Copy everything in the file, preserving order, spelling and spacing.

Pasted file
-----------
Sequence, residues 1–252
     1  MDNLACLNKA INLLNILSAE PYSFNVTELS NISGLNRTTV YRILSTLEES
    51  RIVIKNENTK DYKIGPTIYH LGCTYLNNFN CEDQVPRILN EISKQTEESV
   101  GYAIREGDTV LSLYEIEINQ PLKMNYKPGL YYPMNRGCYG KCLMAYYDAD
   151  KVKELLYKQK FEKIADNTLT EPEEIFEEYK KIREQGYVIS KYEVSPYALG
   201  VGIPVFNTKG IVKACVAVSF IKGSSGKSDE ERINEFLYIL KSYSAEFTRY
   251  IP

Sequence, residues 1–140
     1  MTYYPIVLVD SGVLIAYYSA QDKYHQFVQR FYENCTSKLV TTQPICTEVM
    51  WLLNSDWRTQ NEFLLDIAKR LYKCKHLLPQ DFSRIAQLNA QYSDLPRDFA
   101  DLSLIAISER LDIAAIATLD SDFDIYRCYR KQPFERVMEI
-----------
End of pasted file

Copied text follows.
Sequence, residues 1–252
     1  MDNLACLNKA INLLNILSAE PYSFNVTELS NISGLNRTTV YRILSTLEES
    51  RIVIKNENTK DYKIGPTIYH LGCTYLNNFN CEDQVPRILN EISKQTEESV
   101  GYAIREGDTV LSLYEIEINQ PLKMNYKPGL YYPMNRGCYG KCLMAYYDAD
   151  KVKELLYKQK FEKIADNTLT EPEEIFEEYK KIREQGYVIS KYEVSPYALG
   201  VGIPVFNTKG IVKACVAVSF IKGSSGKSDE ERINEFLYIL KSYSAEFTRY
   251  IP

Sequence, residues 1–140
     1  MTYYPIVLVD SGVLIAYYSA QDKYHQFVQR FYENCTSKLV TTQPICTEVM
    51  WLLNSDWRTQ NEFLLDIAKR LYKCKHLLPQ DFSRIAQLNA QYSDLPRDFA
   101  DLSLIAISER LDIAAIATLD SDFDIYRCYR KQPFERVMEI